I was working with a leadership team on how to have successful difficult conversations. Whenever possible, we work on real situations they have because my aim is to improve the difficult situation for the teacher, the leader and the children, and once we’ve worked on a real situation and they use it, they have a successful conversation. This was a great example of when the difficult conversation is a conversation about the conversation. Ok, now I sound like I’m talking gibberish so let me tell you the story of ‘Ann’.
Ann is a class teacher who delivers ‘ok’ lessons, but doesn’t seem to have her heart in it; she lacks warmth with the children and seems to put minimal effort into her lessons. She was previously outstanding but sadly not anymore. She also hadn’t made much progress on her performance objectives even though she is clearly capable of being a great teacher.
Ann had responsibility for a subject – science – and all subject leads had been asked to drive their subject forward after being given guidance on the schools expectations of what this looked like. Whilst the other subject leaders had all stepped up to this level, Ann seemed to be doing the absolute minimum she could.
The head, Pete, knew he needed to speak to Ann and, whilst there were several areas that needed to improve, he had an overarching feeling: that Ann didn’t want to be at this school. This was a conversation about the conversation, the real conversation that needed to happen, because the issues around subject leadership, quality of teaching and lack of progress on their annual objectives had all come together to paint a picture, perhaps an inaccurate picture, but one which the head and senior leaders felt to be true. It would have been easier to talk about any one of the individual issues and that might have been the right thing to do in previous months, but for where they were now, the conversation needed to be about the whole picture.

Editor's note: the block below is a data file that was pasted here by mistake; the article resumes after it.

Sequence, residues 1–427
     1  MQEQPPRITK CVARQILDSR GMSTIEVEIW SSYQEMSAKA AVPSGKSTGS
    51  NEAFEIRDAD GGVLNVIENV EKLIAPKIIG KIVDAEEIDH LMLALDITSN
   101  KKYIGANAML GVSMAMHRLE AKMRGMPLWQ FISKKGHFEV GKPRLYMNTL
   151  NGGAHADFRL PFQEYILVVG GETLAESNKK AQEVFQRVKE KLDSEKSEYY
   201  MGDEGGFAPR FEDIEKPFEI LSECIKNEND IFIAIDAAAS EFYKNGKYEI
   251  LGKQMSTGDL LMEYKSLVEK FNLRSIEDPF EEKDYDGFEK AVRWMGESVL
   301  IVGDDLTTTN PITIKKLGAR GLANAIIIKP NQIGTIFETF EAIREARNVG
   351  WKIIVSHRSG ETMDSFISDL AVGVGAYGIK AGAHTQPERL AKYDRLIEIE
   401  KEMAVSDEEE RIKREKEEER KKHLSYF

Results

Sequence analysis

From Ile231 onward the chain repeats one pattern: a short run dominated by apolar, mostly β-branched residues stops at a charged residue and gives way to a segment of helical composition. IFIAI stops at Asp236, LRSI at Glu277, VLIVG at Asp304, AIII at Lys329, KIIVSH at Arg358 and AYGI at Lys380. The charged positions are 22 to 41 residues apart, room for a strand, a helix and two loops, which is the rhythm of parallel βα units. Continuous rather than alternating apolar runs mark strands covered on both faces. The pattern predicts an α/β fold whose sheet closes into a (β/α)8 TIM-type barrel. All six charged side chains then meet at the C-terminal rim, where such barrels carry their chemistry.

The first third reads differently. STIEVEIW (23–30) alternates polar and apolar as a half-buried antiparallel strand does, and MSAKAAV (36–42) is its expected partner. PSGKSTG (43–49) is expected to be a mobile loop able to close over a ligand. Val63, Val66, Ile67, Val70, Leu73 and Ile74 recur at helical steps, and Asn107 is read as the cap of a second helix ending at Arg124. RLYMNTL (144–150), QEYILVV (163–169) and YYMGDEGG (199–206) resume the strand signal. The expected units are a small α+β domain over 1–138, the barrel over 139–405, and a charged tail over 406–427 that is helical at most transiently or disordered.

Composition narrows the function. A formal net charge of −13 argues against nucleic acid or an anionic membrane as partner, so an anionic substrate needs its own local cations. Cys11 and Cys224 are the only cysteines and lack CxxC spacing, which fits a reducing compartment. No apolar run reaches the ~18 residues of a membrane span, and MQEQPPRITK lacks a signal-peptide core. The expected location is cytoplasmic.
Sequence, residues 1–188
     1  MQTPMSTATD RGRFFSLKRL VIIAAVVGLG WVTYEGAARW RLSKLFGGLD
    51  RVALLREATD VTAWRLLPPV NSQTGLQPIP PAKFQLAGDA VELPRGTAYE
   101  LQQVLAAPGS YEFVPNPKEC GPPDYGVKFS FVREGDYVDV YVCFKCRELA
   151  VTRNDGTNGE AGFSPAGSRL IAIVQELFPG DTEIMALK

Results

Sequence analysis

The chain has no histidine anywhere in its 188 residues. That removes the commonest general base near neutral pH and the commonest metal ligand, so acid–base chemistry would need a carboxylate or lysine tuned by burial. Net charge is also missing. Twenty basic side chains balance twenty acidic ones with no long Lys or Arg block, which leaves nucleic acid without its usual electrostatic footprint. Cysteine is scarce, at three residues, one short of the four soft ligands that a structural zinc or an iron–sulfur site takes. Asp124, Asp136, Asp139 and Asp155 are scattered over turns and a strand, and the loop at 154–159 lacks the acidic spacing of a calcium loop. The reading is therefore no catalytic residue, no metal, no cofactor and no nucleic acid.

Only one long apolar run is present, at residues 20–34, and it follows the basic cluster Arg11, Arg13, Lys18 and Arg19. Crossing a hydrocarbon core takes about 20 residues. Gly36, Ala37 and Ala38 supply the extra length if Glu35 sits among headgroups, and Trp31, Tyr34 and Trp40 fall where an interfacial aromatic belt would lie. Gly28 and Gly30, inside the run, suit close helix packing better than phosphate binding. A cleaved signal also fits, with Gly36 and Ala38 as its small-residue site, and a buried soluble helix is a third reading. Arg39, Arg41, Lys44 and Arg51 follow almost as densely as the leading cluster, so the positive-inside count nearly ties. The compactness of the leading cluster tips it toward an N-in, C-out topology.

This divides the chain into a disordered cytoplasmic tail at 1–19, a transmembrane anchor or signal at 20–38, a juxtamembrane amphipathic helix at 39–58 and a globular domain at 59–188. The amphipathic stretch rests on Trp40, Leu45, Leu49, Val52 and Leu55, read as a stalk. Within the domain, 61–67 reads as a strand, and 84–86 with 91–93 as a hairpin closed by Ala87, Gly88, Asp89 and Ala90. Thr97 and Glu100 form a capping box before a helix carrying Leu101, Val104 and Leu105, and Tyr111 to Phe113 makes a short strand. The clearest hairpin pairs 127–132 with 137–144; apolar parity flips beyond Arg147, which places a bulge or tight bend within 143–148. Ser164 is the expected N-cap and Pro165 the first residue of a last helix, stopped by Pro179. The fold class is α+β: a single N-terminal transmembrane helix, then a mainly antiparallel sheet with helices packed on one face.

The best thing Pete could do now was to share his perception with Ann in the hope they could have an honest conversation about what might help her be the amazing teacher they knew she could be – and my opinion is always that we want to support someone to do their job well.
On meeting with Ann, the head shared his thoughts using the structure I recommend:
‘Ann, I’m concerned about the quality of your teaching, your work as a subject leader and the lack of progress in your development objectives which haven’t moved forward enough despite our conversations and support. These things have come together to paint a picture that leads me to think you don’t want to be here.’
I know this is a pretty tough sentence – it is – however, the written word doesn’t do it justice because the delivery is what can, and did, keep the message clear and showed Pete cared.
Ann’s head dropped; the message had got through, which meant that she and Pete could talk about the specific issues which led him to think this and he could offer several types of support to help Ann improve, of which she took some and not others.
It was a tough and brave conversation to have and hear, however one that worked, because Ann’s teaching improved: she was much warmer with the children, more involved with them during her lessons, and she really started to drive her subject forward by creating good quality resources, leading staff meetings and observing others teach science and supporting them to improve.
When I asked the head what specifically made the conversation a successful one, he said it was the clarity in what the issue was and being able to share that so clearly at the start; this meant Ann was, in as nice as way as possible, under no illusion as to what the issue was and they could build together from there.
(Well done Pete!)